Your customers' perceptions of you and your competitors drive their purchase decisions. These perceptions are created by the various messages in the marketplace: your competitors' and yours, those of alternatives and influencers such as media, and communications among your customers as well.
Your internal perceptions represent a collective view of the marketplace and its value drivers. These are a corporate 'gut feel' and they underlie the most important decisions your people make on a daily basis. Once these internal perceptions are collected and documented, they provide a level of insight on their own, showing discrepancies, errors and opportunities. Once they are compared with the perceptions of the marketplace, they chart a roadmap for better communications, training, process and sometimes even product configuration or design changes.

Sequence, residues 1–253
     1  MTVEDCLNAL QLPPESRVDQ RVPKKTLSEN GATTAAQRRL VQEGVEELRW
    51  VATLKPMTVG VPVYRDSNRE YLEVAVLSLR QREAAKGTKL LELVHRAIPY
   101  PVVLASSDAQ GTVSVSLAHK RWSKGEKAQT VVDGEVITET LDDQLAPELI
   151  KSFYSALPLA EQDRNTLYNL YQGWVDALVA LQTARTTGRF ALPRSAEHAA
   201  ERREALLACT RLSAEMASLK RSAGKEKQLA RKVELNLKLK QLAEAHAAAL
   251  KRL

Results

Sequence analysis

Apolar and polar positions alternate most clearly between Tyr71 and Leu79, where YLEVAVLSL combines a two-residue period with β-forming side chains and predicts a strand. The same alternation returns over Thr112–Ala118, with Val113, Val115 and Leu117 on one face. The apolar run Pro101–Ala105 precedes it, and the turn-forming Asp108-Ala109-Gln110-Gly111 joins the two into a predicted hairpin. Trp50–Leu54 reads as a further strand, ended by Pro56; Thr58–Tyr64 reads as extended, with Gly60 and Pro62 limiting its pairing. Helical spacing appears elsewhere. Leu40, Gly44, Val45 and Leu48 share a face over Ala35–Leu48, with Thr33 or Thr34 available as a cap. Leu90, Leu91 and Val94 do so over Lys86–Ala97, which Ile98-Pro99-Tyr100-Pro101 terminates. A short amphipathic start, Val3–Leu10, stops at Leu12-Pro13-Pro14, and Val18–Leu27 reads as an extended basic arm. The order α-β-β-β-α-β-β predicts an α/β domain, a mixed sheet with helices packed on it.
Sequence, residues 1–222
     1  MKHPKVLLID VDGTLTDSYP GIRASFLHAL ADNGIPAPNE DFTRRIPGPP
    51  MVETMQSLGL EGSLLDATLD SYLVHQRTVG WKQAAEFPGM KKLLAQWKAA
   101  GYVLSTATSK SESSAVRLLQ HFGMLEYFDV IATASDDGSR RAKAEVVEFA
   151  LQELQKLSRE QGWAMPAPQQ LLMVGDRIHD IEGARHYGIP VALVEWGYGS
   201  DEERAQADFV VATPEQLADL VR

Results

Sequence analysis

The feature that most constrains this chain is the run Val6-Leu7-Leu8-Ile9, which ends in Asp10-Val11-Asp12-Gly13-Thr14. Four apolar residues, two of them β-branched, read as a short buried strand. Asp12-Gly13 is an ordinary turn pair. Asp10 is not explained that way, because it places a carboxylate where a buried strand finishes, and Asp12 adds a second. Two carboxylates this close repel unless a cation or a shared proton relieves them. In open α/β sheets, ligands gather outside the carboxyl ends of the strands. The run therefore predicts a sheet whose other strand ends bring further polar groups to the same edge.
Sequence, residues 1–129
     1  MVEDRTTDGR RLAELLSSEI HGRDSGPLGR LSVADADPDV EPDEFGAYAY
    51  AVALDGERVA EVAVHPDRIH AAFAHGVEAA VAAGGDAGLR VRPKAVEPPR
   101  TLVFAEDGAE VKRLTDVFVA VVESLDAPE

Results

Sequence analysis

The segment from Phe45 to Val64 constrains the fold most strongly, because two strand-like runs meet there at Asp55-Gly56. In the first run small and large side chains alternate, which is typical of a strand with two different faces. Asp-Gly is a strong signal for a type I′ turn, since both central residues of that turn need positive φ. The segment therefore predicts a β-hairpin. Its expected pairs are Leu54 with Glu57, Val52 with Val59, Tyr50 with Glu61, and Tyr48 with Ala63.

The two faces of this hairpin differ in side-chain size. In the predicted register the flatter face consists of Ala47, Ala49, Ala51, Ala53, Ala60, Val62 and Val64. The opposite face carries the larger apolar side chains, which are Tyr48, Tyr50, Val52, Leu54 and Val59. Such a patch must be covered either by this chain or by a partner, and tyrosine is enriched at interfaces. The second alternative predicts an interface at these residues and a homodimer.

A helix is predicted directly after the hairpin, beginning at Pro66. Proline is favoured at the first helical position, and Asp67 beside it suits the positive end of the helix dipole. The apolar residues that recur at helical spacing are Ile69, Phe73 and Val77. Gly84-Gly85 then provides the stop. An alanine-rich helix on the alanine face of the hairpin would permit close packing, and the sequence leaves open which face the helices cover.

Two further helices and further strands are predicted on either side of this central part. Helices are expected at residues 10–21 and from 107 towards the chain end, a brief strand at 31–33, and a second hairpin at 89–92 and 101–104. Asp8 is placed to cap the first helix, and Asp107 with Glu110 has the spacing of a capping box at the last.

Some of these communications will add to customer's perception of value, some will be misunderstood and will, inadvertently, detract from their perception of your value. Some communications will be inflated out of proportion and most will be ignored.
This all leads to a situation that was brilliantly summarized by Peter Drucker:
“Customers rarely buy what organizations believe they are selling.”
But when you better know how well, or not, your marketing messages drive the perceptions you wish to communicate, how your company compares to competitors and alternatives, you have answers to what customers really want to hear. You can better your communication and increase your customer loyalty and competitiveness.